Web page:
Automatic White-LED Garden Light using BC547


In this blog post, we will explore the construction and working of an Automatic White-LED Garden Light using BC547 transistor. This circuit is designed to turn on the LED automatically at night and is powered by a single 1.2V nicad cell, which is recharged by a solar cell during the day. Whether you’re a DIY enthusiast or simply looking for an eco-friendly lighting solution for your garden, this project is worth considering.

Components Required

To build this automatic garden light circuit, you will need the following components:

Hardware Required

2×BC547 transistor
1xLED (white LED)
1×1N4004 Diode
1xSolar cell
3×Resistor (1Ω, 2.2K, 470K)
1×1.2v to 1.5v nicad cell

Circuit Diagram

Automatic White-LED Garden Light using BC547

Define the Circuit

The circuit consists of several key components that work together to provide automatic lighting in your garden. Let’s understand how each component functions:

1. Solar Cell and Diode D1: The solar cell charges the nicad cell during the day. Diode D1 prevents the battery from discharging back into the solar cell at night.

2. Transistor Q1: During the day, when there is output from the solar cell, Q1 is on, keeping Q2 and the LED off.

3. Oscillator Circuit: At night, when Q1 turns off, a blocking oscillator circuit based on T1, R2, and Q2 comes into play. This circuit drives LED1 via a 1W resistor, which limits the peak current into the LED.

4. Transformer T1: T1 is wound bifilar, with winding AB as the main primary winding and winding BC as the feedback winding. The number of turns and the core used are not critical. The core produces a magnetic flux when Q2 is turned on, causing end C to rise above the battery voltage and turn Q2 on hard.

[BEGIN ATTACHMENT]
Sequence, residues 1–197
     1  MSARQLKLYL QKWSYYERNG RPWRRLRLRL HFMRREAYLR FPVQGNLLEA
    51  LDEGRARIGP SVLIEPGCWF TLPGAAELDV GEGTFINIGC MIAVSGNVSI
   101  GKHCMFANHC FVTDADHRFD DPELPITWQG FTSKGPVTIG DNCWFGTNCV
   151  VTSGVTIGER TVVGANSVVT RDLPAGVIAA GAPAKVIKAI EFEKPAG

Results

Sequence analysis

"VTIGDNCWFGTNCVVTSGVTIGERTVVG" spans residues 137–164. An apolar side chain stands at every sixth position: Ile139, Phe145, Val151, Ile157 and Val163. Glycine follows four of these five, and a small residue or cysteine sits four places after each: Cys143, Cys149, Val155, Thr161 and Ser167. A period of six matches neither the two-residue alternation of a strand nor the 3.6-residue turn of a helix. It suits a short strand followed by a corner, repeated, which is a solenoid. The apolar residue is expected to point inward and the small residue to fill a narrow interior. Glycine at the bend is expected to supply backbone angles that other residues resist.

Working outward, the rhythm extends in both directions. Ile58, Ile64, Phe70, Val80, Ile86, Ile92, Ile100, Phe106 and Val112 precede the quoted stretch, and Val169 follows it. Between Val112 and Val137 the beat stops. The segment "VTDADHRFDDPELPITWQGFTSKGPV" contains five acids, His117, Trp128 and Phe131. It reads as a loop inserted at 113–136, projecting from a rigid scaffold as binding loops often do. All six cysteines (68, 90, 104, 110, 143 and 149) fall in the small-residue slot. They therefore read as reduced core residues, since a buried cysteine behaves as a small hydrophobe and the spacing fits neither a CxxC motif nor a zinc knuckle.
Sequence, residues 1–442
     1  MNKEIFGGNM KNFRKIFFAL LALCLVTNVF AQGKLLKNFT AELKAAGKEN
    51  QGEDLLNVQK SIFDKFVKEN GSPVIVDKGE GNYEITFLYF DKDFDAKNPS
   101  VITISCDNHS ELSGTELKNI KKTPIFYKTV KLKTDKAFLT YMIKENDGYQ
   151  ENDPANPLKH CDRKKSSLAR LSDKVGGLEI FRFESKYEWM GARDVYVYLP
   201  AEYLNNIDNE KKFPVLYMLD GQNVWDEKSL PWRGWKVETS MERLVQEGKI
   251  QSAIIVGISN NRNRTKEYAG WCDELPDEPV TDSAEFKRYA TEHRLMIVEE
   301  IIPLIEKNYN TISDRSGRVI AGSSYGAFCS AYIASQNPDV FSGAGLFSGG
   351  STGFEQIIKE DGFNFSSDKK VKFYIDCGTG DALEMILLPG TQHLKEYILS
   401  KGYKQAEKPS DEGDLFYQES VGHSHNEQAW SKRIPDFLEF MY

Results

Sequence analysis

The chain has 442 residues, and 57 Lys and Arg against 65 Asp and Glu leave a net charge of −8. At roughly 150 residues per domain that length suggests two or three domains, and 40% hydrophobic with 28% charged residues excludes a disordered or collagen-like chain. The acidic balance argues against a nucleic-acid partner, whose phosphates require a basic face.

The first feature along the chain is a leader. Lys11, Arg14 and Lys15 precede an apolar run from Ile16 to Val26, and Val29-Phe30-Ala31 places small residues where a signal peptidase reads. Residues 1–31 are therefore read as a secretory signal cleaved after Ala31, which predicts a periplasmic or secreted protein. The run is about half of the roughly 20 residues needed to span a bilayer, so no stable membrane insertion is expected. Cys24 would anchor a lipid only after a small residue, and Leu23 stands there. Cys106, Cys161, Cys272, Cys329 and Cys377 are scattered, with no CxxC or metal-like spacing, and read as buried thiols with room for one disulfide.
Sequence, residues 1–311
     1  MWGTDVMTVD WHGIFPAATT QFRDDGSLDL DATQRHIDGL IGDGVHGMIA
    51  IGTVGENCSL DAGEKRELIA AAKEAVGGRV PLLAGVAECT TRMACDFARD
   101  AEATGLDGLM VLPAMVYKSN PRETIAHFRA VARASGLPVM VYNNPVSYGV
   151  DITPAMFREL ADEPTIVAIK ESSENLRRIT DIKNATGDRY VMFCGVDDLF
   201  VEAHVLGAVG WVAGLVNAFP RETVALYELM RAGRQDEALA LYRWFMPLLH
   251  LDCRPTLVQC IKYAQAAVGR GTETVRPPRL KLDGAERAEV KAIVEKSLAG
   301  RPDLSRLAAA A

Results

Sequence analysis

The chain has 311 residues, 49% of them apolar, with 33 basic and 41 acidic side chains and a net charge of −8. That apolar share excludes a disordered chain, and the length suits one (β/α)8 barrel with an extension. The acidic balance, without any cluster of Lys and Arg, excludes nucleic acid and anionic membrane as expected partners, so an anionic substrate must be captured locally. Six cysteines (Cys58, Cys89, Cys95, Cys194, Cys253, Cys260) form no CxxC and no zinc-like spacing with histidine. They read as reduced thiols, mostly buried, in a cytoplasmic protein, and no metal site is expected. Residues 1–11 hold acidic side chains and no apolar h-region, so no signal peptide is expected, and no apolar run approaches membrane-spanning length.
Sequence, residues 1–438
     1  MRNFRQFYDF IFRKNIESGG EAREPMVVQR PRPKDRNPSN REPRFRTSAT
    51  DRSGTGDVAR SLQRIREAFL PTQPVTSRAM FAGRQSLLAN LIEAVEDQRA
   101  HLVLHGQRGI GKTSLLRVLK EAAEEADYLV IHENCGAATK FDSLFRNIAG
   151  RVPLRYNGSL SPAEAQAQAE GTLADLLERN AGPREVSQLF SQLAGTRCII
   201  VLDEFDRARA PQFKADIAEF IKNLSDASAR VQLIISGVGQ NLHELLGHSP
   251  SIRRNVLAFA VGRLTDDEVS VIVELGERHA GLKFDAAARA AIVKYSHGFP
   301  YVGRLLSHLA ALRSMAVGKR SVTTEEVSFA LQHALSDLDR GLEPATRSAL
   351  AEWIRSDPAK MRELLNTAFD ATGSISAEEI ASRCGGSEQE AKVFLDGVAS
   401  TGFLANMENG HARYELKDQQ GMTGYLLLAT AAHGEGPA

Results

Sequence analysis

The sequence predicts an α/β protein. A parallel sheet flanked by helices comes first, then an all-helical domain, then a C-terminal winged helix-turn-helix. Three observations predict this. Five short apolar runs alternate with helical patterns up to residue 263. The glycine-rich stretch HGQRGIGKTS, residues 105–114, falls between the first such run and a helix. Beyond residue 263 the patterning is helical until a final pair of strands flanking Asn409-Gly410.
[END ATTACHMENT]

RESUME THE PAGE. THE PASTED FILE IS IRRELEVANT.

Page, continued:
How It Works

Here’s how the circuit operates:

1. When Q1 turns off, current flows through R2 and turns Q2 on. This causes current to flow through winding AB, generating a magnetic flux in the core.

2. As the core saturates, the voltage at end C drops back to the battery voltage, reducing the current in winding AB. The falling flux in the core causes the voltage at C to drop below 0.6V, turning off Q2.

3. With no current in winding AB, the flux in the core collapses, causing the voltage on end A to rise above the battery voltage. When it reaches 3.2-3.6V with respect to ground, LED1 “fires” and current flows through the LED.

4. Once the flux is spent, LED1 turns off, and end C returns to the battery voltage. The cycle repeats when the voltage on end A rises again.

5. When the sun rises, Q1 turns on, stopping the oscillation and turning off LED1.


The automatic white-LED garden light using the BC547 transistor has various applications, including:

  • Illuminating garden pathways or features
  • Providing ambient lighting for outdoor gatherings
  • Serving as a security light to deter intruders
  • Enhancing the aesthetics of your garden

With its simple design and energy-efficient operation, this garden light is a great addition to any outdoor space.

So, why not try building your own automatic white-LED garden light? It’s a fun and rewarding project that combines technology and nature, while providing practical illumination when needed.

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